Family members of older individuals suffering from dementia show less stress and good moods on days when the dementia patients receive adult day services, new research suggests.
"Caregivers who live with and care for someone with dementia can experience extraordinary amounts of stress," said Steven Zarit, professor and head, human development and family studies. "The use of adult day services appears to provide caregivers with a much-needed break that can possibly protect them from the negative health effects caused by chronic stress."The researchers conducted eight daily telephone interviews on consecutive days with 173 family caregivers of individuals with dementia who use an ADS -- a service that is designed to provide social and some health services to adults who need supervised care outside the home during the day.
On some of the interview days, the individuals with dementia attended an ADS program. On other days they were with the caregiver most or all of the time. In the daily interviews, the researchers asked the caregivers about the stressors and positive events they had been exposed to, as well as their mood and health symptoms during the day."Multiple daily reports allow us to compare each person to himself or herself on ADS and non-ADS days," said Zarit. "We can then assess if each person shows improvement in stressor exposure, mood and health symptoms on ADS days compared to non-ADS days.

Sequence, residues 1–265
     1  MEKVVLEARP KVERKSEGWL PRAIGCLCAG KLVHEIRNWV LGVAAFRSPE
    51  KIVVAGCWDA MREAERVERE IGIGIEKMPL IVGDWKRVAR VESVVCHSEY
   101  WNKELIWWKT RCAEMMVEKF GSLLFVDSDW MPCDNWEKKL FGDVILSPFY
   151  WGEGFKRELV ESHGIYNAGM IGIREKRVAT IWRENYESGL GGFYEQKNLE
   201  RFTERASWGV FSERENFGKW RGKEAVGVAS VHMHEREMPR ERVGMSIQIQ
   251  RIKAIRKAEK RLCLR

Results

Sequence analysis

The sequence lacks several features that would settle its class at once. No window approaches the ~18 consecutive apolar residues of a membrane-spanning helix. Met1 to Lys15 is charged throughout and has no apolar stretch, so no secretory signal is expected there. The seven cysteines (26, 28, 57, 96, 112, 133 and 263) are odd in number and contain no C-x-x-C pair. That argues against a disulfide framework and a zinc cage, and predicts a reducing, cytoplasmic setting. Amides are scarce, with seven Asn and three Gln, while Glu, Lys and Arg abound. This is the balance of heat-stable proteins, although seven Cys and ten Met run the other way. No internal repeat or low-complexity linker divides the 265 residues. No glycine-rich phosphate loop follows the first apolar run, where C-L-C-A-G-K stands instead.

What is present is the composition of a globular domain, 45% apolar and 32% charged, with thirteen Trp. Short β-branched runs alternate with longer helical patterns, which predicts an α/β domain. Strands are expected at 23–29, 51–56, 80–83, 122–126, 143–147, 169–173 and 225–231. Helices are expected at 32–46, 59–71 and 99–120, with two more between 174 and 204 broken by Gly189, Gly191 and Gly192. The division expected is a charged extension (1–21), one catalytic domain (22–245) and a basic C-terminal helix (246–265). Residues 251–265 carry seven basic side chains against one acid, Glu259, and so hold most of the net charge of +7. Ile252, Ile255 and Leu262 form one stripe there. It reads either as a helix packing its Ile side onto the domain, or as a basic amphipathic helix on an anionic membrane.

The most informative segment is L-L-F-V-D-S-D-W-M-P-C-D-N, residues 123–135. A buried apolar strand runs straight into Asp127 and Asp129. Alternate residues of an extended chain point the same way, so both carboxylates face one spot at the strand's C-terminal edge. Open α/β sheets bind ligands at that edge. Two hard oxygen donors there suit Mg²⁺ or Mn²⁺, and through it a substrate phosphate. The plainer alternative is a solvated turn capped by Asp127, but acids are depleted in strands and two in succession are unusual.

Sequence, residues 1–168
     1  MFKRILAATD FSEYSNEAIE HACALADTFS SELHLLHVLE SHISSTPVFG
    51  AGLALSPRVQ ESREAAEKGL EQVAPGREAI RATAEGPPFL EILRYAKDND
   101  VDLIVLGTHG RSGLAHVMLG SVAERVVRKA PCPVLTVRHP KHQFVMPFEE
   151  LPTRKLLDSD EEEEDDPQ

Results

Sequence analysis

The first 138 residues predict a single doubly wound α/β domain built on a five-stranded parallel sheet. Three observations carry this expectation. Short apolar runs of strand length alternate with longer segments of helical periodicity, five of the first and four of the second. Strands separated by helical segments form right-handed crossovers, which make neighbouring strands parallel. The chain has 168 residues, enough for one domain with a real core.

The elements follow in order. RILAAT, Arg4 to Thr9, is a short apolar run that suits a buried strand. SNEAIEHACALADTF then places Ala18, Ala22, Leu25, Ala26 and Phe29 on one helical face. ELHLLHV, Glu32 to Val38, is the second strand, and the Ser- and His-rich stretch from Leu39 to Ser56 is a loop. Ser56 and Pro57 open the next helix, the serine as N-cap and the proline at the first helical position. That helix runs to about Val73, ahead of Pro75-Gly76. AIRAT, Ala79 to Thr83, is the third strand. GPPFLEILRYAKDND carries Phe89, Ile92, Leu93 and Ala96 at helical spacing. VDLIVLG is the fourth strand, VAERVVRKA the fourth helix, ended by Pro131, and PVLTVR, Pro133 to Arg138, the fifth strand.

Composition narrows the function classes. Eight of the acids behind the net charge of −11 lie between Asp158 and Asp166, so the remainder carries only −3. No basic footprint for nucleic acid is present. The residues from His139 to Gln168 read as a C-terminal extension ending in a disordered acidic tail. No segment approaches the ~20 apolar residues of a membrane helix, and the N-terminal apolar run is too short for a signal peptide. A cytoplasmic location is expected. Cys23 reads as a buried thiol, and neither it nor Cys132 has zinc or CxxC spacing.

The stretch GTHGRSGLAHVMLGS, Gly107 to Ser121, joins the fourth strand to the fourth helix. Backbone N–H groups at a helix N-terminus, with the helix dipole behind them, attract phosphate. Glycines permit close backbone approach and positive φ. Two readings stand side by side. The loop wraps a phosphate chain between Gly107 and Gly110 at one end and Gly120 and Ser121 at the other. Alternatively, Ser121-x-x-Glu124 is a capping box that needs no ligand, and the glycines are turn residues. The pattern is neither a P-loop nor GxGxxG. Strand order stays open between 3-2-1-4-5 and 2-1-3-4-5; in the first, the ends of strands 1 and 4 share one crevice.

This comparison provides a more fundamental indicator of improvement than how that individual might compare to a group average."Next, the team used multi-level statistical models to analyze the results of the telephone interviews. The results will appear in today's (May 23) issue of The Gerontologist
.The researchers found that caregivers had lower exposure to care-related stressors and more positive experiences on days when their family members with dementia used ADS.
On these days, caregivers also were exposed to more non-care stressors. Yet the overall effect of the use of adult day services on caregivers was lowered anger and reduced impact of non-care stressors on depressive symptoms. "ADS days were associated with a small increase in non-care stressors, yet caregivers reacted to high levels of non-care stressors with less depressive mood on ADS days than non-ADS days, so we conclude that the use of ADS has a buffering effect on the relation of non-care stressors on depressive mood," said Zarit. "Overall, our findings demonstrate that stressors on caregivers are partly lowered and mood is improved on days when their relatives attend adult day service programs, which may provide protection against the negative effects of chronic stress associated with caregiving."